Coached by the trailblazing Prakash Padukone, the Indian badminton contingent returned with four medals, with the men’s team claiming silver and the women’s team winning bronze. A male singles shuttler, who goes by the name of Pullela Gopichand, too claimed a bronze.
“At such events, at the back of your mind, there’s always that thought that this is a once-in-four-years opportunity. If I lose this chance now, the next time comes four years later. That’s too long a time for an athlete. You never know what’s going to happen, in terms of form or fitness. The World Championships will come back. The All England will come next year itself. Whatever you have to do, you have to do it now, now, now!” says Popat.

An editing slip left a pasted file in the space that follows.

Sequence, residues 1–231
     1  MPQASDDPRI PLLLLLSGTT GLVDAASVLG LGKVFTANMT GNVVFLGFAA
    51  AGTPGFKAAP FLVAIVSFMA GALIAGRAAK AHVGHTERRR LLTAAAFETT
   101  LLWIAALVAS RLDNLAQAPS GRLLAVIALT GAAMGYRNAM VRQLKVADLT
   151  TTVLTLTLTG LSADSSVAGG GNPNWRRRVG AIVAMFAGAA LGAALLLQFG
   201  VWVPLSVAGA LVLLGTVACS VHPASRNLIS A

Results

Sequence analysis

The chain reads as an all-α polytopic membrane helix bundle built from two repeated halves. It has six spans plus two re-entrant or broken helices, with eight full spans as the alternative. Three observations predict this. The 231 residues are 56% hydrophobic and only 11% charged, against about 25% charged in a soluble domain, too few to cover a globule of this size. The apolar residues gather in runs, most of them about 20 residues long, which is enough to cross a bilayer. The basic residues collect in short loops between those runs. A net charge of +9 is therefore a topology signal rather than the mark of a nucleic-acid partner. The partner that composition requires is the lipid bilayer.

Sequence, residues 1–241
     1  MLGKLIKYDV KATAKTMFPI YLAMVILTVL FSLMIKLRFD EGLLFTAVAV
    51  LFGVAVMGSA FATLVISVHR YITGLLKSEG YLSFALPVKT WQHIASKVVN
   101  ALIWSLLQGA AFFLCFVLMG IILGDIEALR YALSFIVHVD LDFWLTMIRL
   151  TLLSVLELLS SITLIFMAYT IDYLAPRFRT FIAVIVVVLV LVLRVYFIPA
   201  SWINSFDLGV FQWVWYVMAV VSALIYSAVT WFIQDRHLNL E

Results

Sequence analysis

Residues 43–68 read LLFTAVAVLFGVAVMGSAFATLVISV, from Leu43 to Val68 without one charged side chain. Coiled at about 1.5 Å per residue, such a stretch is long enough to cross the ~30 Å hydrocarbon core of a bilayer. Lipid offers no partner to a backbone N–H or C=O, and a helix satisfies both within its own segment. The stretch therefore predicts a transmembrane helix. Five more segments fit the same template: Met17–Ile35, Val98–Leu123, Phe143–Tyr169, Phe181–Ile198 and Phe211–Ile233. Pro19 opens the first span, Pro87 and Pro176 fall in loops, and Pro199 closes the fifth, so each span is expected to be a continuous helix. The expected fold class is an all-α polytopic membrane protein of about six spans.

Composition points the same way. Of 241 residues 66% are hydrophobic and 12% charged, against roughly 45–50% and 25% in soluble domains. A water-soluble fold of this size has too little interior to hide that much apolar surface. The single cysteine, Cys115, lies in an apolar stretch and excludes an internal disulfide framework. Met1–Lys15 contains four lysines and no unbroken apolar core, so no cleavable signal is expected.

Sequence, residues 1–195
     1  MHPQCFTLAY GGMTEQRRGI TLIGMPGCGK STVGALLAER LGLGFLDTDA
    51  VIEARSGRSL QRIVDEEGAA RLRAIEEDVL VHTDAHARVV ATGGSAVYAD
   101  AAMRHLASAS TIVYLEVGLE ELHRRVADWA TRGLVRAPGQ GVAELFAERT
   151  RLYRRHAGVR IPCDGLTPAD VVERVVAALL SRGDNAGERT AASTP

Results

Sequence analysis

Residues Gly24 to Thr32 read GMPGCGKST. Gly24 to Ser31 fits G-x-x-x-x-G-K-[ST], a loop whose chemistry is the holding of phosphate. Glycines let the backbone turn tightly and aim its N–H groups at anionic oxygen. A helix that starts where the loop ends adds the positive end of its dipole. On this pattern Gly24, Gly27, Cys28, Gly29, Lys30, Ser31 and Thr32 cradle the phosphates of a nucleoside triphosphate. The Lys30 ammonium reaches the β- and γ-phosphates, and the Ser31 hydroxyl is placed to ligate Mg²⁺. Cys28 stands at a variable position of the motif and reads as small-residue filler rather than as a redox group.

A lot of things have changed in these 20 years for Indian badminton.
“Presently, things are substantially more sorted out. Adolescents like Satwik or Chirag can even think similar to an Olympics. They have the advantage of reasoning that regardless of what happens today, they will be bolstered till the following Olympics. In our chance, it didn’t work that way. On the off chance that you didn’t perform today, tomorrow you’d be out of the group as it were.
“Look at how we played the Nationals. If I didn’t win the Nationals, I wouldn’t be part of the Indian team for the entire year. That’s how the consistency I had in my career happened. These kids don’t have that pressure. It’s a different kind of pressure. The current generation of Indian badminton players is aiming only in the top 15 ranks in the world. It’s not like us, our targets were to qualify for the main draw of the All England. All England main draw ho gaya? Achievement! Olympics qualification ho gaya? Achievement!
“Now when we go into tournaments, we only think quarter-finals onwards. Do we even look at the first or second round?”
As Popat puts it, “When I was competing for India in 1998, we went in as underdogs. This time around, we were favourites.”